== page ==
If, as forecast by many, the U.K. economy remains stable following Brexit, we may even see a growing demand from investors who are captivated by the "new" U.K. trading environment, which would likely drive up buyer appetite and value multiples. If we see a decline in GDP or rising inflation in the U.K. post-Brexit, this would indicate a worsening economic condition, which may in turn see a reduction in sale values and appetite.

The reality is that good businesses will always sell. A well run, profitable business will not struggle to find willing buyers regardless of market conditions. Depending on the post-Brexit environment, there may be a valuation challenge with potentially lower multiples being achieved for U.K. businesses in the short term whilst confidence in the economy stabilizes.

Related: Forget London -- These 4 U.K. Tech Hubs Are Booming

The importance of confidence

As confidence is key to the volume of transactions being completed, there is a need for the U.K. to ensure its departure from the EU is as seamless as possible. This means that the impact on business owners looking to exit in the U.K. will rely on Brussels being fair in its terms for departure.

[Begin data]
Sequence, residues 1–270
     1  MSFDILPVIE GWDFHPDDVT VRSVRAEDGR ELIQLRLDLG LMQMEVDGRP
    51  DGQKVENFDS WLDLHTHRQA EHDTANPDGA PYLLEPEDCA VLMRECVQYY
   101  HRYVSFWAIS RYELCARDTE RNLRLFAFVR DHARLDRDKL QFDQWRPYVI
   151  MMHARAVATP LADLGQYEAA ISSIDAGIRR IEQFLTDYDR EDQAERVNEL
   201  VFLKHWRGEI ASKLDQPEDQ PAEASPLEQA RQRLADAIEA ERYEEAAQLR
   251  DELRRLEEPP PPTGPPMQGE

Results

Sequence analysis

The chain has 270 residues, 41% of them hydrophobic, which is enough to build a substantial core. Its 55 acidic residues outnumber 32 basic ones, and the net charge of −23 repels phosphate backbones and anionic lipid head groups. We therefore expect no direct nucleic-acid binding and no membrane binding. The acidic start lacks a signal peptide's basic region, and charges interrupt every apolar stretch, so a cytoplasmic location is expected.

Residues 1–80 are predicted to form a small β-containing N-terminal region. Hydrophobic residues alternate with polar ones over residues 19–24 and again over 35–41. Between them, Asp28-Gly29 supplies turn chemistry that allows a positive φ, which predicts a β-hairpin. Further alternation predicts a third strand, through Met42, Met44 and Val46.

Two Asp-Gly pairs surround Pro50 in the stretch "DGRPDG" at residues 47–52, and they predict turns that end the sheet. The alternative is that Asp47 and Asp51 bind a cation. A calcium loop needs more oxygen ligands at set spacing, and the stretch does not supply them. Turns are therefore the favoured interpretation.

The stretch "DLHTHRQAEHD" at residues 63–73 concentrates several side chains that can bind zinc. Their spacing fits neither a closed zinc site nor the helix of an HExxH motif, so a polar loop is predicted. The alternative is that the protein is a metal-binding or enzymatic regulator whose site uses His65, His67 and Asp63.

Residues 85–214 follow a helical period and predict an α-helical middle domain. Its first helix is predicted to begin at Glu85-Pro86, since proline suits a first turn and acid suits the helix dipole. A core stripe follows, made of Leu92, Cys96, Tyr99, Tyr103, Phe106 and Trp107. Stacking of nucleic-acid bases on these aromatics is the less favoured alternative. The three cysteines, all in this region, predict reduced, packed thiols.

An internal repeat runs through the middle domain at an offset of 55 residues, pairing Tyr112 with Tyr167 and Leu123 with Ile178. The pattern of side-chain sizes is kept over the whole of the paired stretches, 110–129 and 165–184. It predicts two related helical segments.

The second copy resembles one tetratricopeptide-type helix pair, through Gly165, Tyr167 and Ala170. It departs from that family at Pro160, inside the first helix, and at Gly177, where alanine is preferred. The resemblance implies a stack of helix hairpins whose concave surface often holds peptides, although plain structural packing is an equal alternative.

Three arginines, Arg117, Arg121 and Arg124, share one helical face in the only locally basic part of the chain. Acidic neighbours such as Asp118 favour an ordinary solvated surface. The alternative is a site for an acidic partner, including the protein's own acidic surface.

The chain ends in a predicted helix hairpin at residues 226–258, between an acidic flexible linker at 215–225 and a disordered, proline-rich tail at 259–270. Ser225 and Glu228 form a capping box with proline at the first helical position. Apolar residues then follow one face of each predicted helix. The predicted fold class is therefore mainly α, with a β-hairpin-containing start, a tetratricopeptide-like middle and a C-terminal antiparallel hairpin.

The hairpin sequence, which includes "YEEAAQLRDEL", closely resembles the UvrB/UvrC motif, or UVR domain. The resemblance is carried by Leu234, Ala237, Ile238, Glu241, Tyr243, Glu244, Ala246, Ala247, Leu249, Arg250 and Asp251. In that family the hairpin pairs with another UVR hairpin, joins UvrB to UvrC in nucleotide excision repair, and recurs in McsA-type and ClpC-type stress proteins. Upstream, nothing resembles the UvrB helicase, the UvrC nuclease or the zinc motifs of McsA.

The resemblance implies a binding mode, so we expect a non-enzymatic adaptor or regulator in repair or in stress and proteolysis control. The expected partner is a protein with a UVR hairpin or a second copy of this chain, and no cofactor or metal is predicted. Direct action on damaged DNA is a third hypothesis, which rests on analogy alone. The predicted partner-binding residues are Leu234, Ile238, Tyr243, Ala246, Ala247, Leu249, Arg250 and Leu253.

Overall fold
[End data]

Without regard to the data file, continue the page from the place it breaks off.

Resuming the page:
Having a positive economic environment is also key to the buying and selling of businesses. It is likely that the U.K. will be forced to further enhance this position with reduced corporation tax as an example. This type of move should stimulate confidence in business buyers for the road ahead.

There are some sectors that will face greater challenges if seeking an exit in or around Brexit, such as those relying on EU employees or suppliers to trade. However, those businesses that will benefit from EU deregulation post-Brexit may show greater growth potential and therefore an increase in buyer appetite.